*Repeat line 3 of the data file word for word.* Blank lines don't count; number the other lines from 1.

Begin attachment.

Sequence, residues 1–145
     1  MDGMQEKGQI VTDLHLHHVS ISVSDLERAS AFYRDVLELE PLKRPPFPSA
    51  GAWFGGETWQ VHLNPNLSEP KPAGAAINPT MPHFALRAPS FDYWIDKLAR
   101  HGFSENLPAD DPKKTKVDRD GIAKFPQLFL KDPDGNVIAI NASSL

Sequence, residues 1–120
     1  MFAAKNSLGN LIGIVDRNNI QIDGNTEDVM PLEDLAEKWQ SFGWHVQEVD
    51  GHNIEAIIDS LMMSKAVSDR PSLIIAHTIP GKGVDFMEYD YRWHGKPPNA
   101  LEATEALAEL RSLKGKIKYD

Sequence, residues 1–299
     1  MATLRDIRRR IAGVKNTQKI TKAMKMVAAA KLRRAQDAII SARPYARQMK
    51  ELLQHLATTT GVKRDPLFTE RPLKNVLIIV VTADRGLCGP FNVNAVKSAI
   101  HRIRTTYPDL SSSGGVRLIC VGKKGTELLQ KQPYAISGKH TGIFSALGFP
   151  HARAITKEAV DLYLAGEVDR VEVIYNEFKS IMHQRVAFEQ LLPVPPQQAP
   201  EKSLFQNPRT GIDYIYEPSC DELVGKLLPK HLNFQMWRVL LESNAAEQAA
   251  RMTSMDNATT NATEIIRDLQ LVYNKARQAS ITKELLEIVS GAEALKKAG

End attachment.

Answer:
    51  GAWFGGETWQ VHLNPNLSEP KPAGAAINPT MPHFALRAPS FDYWIDKLAR